SARAY POPPY decision: a new approach to likelihood of confusion and vested rights?

  • IP Court found likelihood of confusion between SARAY POPPY and earlier POP marks
  • 'Pop' and 'poppy' found to be similar, even though they are generic
  • Conclusions on vested rights are noteworthy

On October 25 2017 the Turkish Court of Appeal upheld a decision of the Civil IP Court in which the latter had assessed the similarity between two trademarks by taking into account generic words that would not normally be considered in the examination of the likelihood of confusion. The decision also deals with the hot topic of how, and under which conditions, an earlier trademark provides vested rights to its owner.

An application was filed for the registration of the mark depicted below for goods in Class 30 of the Nice Classification:

An opposition was filed based on earlier registrations that included the word 'pop' and covered goods in Class 30. The opposition was rejected by the Turkish Patent and Trademark Office. The opponent filed a lawsuit for the cancellation of the office’s decision and for the invalidation of the SARAY POPPY mark, which had become a registered mark by the time the action was brought.

The Ankara First IP Court, with its decision of July 8 2014, upheld the action; it ordered the cancellation of the office’s decision and the invalidation of the SARAY POPPY mark, with the reasoning that it created a likelihood of confusion with the plaintiff’s trademarks.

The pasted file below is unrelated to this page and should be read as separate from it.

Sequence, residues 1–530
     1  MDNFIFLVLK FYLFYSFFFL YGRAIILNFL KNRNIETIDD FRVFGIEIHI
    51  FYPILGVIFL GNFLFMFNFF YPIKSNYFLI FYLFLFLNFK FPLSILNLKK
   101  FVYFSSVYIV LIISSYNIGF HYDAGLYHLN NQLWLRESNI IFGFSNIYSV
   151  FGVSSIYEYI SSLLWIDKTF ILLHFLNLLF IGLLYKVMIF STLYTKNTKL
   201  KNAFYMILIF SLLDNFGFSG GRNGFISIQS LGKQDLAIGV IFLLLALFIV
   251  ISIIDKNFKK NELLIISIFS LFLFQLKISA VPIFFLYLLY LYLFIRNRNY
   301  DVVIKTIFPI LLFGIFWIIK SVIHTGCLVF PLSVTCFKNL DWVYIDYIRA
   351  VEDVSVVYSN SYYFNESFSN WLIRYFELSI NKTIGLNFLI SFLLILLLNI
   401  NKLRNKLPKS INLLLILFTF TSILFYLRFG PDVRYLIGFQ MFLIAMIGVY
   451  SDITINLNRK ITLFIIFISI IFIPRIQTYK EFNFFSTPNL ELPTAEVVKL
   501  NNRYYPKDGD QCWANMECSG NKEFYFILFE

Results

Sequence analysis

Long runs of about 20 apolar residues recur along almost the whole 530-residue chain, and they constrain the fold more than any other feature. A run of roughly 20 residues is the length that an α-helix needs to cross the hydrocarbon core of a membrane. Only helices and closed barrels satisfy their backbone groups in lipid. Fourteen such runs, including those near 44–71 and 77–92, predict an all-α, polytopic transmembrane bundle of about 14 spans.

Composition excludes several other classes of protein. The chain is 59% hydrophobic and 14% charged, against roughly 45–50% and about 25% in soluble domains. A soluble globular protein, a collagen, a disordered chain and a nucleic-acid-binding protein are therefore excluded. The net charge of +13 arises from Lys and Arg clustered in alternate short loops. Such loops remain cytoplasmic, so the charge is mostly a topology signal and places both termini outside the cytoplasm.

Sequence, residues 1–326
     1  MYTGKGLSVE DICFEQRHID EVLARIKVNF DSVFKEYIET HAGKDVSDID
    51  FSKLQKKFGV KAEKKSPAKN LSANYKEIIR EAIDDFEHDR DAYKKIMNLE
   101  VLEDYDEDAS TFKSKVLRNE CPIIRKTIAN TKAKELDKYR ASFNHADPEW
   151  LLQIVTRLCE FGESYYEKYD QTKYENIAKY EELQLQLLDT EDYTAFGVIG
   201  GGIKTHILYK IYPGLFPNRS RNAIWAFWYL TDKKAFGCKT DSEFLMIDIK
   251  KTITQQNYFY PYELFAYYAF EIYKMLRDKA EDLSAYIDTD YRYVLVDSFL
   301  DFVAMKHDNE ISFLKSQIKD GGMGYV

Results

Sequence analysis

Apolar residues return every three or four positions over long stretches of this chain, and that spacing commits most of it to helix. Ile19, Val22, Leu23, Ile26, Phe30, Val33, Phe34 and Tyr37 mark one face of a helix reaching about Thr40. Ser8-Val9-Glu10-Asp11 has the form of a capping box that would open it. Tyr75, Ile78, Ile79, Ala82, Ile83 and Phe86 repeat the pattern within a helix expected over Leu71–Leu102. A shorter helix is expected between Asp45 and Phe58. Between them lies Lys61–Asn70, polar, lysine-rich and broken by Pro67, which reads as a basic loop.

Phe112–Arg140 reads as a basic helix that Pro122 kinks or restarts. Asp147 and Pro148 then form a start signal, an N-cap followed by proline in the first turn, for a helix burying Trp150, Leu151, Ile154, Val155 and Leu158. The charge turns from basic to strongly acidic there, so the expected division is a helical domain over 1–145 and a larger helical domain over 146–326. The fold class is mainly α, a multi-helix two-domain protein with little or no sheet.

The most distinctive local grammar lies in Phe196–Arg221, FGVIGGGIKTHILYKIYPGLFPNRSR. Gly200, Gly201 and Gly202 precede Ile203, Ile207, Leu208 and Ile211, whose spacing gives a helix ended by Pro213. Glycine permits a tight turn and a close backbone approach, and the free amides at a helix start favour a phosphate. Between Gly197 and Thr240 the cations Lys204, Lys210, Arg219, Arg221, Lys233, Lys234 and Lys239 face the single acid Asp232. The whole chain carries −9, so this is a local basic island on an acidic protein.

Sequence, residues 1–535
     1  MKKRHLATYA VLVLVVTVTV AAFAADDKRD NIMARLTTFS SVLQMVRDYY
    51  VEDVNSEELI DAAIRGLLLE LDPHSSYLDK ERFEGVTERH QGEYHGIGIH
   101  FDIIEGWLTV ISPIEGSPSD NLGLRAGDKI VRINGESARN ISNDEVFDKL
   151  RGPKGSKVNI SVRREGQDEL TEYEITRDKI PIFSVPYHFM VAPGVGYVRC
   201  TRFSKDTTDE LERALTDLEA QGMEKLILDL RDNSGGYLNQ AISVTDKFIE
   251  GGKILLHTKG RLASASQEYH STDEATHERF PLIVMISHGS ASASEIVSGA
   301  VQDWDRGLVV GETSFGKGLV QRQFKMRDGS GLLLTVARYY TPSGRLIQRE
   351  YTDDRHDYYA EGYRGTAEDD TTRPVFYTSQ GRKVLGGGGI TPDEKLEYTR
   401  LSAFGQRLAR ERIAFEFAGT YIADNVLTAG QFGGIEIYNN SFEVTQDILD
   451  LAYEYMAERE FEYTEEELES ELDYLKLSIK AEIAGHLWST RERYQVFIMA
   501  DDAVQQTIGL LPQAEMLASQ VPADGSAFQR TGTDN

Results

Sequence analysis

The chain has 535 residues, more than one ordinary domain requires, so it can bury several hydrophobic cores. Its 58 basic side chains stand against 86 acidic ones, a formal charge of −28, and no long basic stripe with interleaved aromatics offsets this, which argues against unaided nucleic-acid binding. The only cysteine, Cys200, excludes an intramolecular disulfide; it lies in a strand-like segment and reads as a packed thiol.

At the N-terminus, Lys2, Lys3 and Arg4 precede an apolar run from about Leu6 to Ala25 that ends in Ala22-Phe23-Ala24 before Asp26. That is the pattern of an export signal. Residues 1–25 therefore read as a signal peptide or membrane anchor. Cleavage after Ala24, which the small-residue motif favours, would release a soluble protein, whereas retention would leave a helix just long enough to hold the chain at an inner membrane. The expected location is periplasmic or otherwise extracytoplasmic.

Compared to previous decisions and precedents, this decision is astonishing in two ways. 

The first reason can be found in the determinations of the expert report that was taken as a basis for the decision by the IP Court. The experts concluded that, in the SARAY POPPY mark, the word 'saray' (meaning 'palace' in English) was not the essential part of the trademark, since it was an umbrella trademark of the defendant (the distinctive part of its trade name). The word 'poppy' was considered to be the essential part of the trademark, as it was framed with a purple/navy colour on a white background and written in bold and italic so as to draw attention. It was further determined that 'poppy' is used in daily life as an abbreviation of the term 'popular'. It was added that the plaintiff’s ground trademarks included the word 'pop' (referring to 'pop music' or 'popular' in English) as an essential element; therefore, the essential element 'poppy' merely added the suffix '-py' to the word 'pop', thus creating a likelihood of confusion with the plaintiff’s trademarks. The experts themselves admitted the non-distinctive character of the terms 'pop' and 'poppy', but still found a similarity between the parties' trademarks based on those words.